WASHINGTON, D.C. – Today, Rep. Burgess Owens (UT-04), Ranking Member of the Early Childhood, Elementary, and Secondary Education Subcommittee, delivered the following statement, as prepared for delivery, at a subcommittee hearing on meeting the academic, social, and emotional needs of America’s students.
“The near-total shutdown of schools at the beginning of the coronavirus pandemic caused historic disruptions in K-12 education and beyond. At their peak, these closures affected 97 percent of K-12 students or approximately 55 million students.
“It was obvious from the get-go that children were suffering from shuttered classrooms. Despite this, many school districts prolonged school shutdowns, some for months and some for more than a year. Other districts waffled back and forth between the two, causing mass uncertainty for educators, students, and parents. Other students have faced continued disruptions to their learning due to restrictive quarantine regulations or stringent masking and vaccination requirements.
“The majority of students forced into online education fell behind—significantly. According to the most recent National Assessment of Educational Progress report, the average scores for 9-year-olds in 2022 declined five points in reading and seven points in mathematics compared to 2020. This is the biggest drop in reading scores since 1990 and the first ever drop in math. Another analysis found that on average students were five months behind in math and four months behind in reading by the end of the 2020-21 academic year. Children kept out of school even longer are faring worse. The numbers are also worse for historically disadvantaged communities.
“School closures did not only affect young students, but also left high schoolers more likely not to graduate or pursue college.
“These closures didn’t only affect academic performance. Many adolescents also faced immense emotional and mental trauma during the pandemic, due to forced social isolation. Three major pediatric organizations even declared adolescent mental health a “national emergency” last fall.
“To help schools reopen they were given exorbitant amounts of COVID-19 funding with zero accountability measures in place to ensure these taxpayer dollars are being spent appropriately. Through ESSER alone, states were given $190 billion to help schools safely reopen. Most of these funds have yet to be spent.
“On top of this, the science and the data from schools that had reopened showed that schools were not a major vector of spread and few children were at risk of serious illness from COVID-19. Even the Washington Post ran a headline on November 20, 2020, stating “Schools are not spreading covid-19…” And the Atlantic ran this headline in October of 2020: “Schools Aren’t Super-Spreaders: Fears from the summer appear to have been overblown.”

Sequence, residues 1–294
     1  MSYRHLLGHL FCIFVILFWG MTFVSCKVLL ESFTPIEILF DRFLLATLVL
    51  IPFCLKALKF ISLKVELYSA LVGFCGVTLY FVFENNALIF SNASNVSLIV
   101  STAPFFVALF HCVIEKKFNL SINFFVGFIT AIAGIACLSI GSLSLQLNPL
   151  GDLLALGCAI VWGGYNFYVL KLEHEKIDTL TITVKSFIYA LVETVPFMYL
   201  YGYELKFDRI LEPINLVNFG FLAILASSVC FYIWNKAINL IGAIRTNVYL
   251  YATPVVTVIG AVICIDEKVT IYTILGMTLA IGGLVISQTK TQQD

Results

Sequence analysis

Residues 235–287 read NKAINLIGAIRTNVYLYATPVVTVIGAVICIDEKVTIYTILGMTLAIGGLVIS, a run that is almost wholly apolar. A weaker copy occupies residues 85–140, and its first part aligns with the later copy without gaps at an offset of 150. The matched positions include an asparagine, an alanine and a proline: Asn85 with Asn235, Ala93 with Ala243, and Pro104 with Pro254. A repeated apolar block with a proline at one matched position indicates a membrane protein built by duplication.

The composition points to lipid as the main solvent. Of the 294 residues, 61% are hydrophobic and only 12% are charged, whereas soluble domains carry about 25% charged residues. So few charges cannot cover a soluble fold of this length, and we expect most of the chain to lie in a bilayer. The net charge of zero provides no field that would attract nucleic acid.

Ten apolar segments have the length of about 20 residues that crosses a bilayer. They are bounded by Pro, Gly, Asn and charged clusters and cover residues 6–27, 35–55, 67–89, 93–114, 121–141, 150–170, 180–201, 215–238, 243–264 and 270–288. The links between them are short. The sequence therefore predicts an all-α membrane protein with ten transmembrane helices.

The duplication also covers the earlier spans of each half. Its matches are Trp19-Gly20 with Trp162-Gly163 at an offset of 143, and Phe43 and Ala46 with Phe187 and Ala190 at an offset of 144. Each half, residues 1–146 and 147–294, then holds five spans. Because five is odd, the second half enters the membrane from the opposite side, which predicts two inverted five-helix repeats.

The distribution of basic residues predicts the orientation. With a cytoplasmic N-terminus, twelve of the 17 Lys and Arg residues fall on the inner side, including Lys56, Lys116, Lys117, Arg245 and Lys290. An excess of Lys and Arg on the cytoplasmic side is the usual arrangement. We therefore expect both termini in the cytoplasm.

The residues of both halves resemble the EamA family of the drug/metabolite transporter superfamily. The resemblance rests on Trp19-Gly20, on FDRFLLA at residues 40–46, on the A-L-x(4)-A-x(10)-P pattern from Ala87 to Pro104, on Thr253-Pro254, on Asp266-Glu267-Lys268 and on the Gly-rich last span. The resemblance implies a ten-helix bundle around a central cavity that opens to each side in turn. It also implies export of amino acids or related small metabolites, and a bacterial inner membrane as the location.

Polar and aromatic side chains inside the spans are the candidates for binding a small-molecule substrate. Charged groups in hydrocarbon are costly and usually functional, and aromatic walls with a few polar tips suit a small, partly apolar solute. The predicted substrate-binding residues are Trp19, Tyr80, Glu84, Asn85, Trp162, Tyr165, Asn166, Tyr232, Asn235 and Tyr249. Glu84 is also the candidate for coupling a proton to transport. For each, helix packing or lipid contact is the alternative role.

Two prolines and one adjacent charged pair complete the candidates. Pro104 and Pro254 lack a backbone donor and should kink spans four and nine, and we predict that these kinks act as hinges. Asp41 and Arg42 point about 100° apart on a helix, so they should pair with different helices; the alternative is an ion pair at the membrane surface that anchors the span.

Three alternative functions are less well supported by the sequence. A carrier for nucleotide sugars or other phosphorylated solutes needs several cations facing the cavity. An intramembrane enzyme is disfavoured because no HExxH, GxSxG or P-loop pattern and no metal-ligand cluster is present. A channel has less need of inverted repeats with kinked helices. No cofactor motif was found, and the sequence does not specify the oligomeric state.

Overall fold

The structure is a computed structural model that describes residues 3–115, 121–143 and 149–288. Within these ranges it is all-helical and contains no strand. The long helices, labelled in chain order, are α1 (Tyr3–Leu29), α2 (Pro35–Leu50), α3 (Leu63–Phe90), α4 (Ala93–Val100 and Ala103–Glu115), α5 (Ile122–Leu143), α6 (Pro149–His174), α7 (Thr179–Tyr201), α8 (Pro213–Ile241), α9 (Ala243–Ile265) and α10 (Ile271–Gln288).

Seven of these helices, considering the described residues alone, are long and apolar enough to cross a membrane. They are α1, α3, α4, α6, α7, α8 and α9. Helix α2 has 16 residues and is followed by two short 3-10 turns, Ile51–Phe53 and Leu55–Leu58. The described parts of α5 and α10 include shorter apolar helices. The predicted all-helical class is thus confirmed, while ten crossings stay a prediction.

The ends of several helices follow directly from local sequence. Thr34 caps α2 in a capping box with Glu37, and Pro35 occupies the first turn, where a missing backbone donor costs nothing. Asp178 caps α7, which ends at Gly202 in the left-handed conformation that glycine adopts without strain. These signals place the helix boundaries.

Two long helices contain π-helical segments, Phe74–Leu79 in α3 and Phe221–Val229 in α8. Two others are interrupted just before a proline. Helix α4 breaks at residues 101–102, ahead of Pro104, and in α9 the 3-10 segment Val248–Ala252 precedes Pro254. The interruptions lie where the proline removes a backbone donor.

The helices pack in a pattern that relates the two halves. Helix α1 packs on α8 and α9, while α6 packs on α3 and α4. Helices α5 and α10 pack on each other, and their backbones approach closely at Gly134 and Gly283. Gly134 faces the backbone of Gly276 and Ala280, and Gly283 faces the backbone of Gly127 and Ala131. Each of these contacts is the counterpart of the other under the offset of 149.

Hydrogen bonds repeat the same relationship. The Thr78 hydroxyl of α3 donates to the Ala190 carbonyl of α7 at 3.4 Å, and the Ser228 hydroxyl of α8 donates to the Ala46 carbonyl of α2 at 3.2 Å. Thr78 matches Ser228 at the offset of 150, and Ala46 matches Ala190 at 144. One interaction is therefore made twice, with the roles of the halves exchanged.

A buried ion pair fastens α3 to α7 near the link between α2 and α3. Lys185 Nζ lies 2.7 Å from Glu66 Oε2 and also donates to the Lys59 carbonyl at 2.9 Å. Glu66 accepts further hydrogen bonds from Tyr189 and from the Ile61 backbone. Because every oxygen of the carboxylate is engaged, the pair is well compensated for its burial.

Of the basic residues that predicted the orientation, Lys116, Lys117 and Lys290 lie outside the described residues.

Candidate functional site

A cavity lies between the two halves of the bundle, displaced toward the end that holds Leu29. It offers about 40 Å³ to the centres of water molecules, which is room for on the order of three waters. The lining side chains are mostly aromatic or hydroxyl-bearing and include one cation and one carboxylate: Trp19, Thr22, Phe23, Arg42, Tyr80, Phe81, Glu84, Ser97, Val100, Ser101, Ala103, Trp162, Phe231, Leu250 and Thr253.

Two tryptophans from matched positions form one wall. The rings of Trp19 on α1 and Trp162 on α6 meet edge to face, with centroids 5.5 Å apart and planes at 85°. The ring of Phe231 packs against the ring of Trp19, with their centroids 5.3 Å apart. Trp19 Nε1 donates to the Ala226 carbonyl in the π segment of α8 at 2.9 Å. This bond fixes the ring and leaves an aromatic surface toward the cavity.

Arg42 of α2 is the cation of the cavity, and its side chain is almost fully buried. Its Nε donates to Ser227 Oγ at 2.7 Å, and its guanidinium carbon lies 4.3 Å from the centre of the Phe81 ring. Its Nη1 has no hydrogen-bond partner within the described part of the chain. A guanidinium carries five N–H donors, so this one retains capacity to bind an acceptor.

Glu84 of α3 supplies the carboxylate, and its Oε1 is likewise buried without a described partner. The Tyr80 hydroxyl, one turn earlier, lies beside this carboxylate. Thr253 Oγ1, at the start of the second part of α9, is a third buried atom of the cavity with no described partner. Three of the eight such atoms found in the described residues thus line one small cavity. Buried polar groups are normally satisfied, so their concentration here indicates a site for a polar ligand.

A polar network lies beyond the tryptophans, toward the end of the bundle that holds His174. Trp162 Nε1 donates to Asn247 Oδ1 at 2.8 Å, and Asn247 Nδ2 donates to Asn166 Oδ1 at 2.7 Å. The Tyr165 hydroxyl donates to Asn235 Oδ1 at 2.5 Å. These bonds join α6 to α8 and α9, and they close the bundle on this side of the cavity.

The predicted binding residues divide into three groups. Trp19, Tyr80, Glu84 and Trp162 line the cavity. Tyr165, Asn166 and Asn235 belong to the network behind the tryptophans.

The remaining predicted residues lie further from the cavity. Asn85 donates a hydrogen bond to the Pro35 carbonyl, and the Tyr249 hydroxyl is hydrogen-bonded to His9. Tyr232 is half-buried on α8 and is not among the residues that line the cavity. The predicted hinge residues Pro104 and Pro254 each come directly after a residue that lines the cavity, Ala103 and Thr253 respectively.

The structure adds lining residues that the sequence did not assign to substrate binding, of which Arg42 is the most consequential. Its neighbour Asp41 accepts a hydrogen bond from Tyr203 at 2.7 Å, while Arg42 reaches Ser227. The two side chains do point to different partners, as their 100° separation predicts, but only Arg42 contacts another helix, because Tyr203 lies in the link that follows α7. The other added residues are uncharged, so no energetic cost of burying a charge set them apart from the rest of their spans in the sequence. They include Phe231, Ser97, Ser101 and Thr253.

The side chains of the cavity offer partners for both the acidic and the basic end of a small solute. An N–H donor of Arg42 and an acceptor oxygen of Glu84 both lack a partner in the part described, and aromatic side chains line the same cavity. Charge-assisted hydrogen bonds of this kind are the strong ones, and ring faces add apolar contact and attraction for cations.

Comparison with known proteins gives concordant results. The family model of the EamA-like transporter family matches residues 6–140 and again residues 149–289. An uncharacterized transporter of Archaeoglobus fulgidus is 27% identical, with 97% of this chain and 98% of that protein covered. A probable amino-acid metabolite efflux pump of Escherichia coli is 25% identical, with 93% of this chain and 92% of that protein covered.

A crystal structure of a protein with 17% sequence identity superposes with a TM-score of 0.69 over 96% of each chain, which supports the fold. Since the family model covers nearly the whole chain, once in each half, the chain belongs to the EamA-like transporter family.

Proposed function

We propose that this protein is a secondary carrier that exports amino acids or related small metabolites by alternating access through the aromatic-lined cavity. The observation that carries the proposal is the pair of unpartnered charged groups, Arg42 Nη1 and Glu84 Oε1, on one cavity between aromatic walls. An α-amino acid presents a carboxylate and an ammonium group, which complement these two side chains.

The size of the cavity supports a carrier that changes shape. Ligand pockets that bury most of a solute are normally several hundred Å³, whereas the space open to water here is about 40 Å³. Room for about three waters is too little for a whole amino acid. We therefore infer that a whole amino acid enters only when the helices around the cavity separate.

“Yet many schools still did not open. We now know this is because of the immense pressure placed on school boards, school administrators, local politicians, the Biden administration, and even the Centers for Disease Control and Prevention by powerful teachers unions.
“If it wasn’t obvious before, it’s obvious now: Teachers unions have an outsized and unhealthy influence on K-12 education. Multiple studies suggest that union influence affected school operating decisions more than COVID-19 infection rates. This proves that teachers unions were motivated by politics, not science—and definitely not the interests of students and their education.
“A Los Angeles teachers union, for example, used the pandemic as an opportunity to push for radical social change, including demanding Medicare-for-All, outlawing charter schools, and defunding the police. Other teachers unions made demands—and when those demands were met they moved the goal post. For instance, even after teachers were pushed to the front of the vaccine line, many teachers unions still refused to reopen schools.
“Democrat politicians running blue cities learned too late that bending over backward to appease teachers unions wouldn’t work, just as Mayor Lori Lightfoot learned when she battled her city’s teachers union as late as January 2022 to keep schools open.
“Despite the havoc they wreaked on our education system, teachers unions have faced no consequences for their actions. Nor have school district officials or Democrat politicians who let them run the show.
“Republicans are demanding accountability.
“Our education system should serve students, not teachers unions, politicians, or bureaucrats. Parents and teachers have learned through the pandemic that too many so-called leaders don’t have students’ best interests at heart.
“Republicans are also demanding answers on how schools have been spending ESSER funds. Republicans urged patience after the bipartisan second round of COVID relief in December 2020, but Democrats ignored those warnings and forged ahead with another $120 billion. As a result, we know some schools have wasted these funds: whether that be to improve athletic facilities or invite critical race theory consultants to their schools.
“While Republicans’ opposition to the American Rescue Plan has proved correct, we also believe these funds should be used to address students’ learning loss now that they have been appropriated. States like Tennessee are leading the way by using taxpayer dollars to address the learning losses students have experienced. This is the example we should follow.
“Pandemic policies failed students. We must do all we can to right this situation and put students back on track to success.”